Infectious Disease

Infectious diseases – most of which are preventable – disrupt the lives of millions of Americans every year and have a significant financial impact. COVID-19 is the latest and starkest example. The pandemic caused the deaths of nearly 600,000 Americans and unprecedented disruption in people’s lives from job loss to social isolation and mental distress, to learning loss in children. Additional examples of infectious disease outbreaks include the 2014 Ebola outbreak and the 2015 and 2016 Zika outbreak. Influenza, antibiotic resistant super bugs and food borne illness are additional concerns. Despite these serious and sometimes deadly impacts, investments in infectious disease prevention and control ebb and flow in response to outbreaks.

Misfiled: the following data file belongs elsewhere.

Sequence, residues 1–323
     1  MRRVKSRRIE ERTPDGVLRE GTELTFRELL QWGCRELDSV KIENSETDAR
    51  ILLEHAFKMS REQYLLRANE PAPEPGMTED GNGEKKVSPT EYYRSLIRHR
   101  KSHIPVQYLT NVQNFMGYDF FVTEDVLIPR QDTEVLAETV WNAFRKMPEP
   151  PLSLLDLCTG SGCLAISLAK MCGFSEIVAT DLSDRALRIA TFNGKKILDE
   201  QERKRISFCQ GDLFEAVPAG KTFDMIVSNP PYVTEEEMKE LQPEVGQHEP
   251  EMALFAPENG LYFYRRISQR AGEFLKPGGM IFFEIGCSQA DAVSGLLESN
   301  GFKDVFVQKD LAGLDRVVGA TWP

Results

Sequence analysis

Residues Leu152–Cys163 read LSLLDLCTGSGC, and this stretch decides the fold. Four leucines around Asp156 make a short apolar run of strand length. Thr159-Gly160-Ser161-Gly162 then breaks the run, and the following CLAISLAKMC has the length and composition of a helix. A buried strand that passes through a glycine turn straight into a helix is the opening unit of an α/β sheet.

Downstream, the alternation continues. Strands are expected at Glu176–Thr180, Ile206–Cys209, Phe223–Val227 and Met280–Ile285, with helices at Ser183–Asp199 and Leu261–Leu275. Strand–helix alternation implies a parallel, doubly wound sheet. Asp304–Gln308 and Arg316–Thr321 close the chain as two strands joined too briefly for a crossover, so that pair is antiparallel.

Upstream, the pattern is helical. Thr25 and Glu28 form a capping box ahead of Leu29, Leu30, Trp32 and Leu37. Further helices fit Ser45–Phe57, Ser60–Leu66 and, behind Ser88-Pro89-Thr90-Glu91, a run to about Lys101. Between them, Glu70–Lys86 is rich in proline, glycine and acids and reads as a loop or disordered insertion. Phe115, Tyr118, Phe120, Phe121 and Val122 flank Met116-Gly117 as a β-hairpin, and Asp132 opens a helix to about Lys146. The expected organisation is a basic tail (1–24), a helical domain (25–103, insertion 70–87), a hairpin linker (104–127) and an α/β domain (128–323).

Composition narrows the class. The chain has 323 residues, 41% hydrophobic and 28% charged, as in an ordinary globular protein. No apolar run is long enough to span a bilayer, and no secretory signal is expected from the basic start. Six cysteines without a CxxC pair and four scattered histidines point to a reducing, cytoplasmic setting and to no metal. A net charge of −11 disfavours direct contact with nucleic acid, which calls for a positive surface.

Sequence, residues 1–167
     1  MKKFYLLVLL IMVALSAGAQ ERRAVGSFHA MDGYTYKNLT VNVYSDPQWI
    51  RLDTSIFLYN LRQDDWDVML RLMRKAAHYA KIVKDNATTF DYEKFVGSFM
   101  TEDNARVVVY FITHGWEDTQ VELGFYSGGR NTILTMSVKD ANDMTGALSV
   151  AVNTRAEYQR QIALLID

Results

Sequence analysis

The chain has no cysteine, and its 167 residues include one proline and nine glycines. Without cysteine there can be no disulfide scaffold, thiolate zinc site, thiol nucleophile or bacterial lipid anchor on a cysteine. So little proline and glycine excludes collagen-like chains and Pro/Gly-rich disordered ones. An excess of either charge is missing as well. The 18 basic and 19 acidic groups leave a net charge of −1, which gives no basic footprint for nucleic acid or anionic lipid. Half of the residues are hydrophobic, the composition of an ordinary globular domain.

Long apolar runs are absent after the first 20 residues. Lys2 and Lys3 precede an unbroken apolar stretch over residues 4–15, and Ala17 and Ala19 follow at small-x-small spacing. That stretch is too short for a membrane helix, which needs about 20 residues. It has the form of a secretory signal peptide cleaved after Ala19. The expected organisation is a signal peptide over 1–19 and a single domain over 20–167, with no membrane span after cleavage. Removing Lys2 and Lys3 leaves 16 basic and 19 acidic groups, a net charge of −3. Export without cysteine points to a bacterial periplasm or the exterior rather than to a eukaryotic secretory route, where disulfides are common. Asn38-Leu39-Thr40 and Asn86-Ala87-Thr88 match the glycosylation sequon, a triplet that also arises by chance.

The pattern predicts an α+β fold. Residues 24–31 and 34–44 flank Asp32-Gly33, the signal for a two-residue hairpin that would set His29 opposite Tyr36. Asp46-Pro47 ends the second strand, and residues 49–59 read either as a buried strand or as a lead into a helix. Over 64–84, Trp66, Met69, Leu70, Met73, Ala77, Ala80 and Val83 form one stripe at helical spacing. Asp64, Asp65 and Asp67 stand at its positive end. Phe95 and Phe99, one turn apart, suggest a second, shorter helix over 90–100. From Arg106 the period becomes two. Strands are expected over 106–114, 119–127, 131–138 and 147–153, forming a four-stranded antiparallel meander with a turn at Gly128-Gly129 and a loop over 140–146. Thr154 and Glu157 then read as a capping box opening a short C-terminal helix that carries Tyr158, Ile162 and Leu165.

Heightened attention to a disease during an outbreak is necessary, but the best way to prevent infectious disease is through sustained attention to the causes of the illness and how it spreads, and investment in prevention programs. Emergencies and new threats are inevitable. What is needed is sustained public health funding to ensure that communities can invest in prevention programs and have the built-in ability to surge their response capacity during a health emergency.

Read TFAH’s report, Ready or Not 2022: Protecting the Public’s Health from Diseases, Disasters and Bioterrorism.


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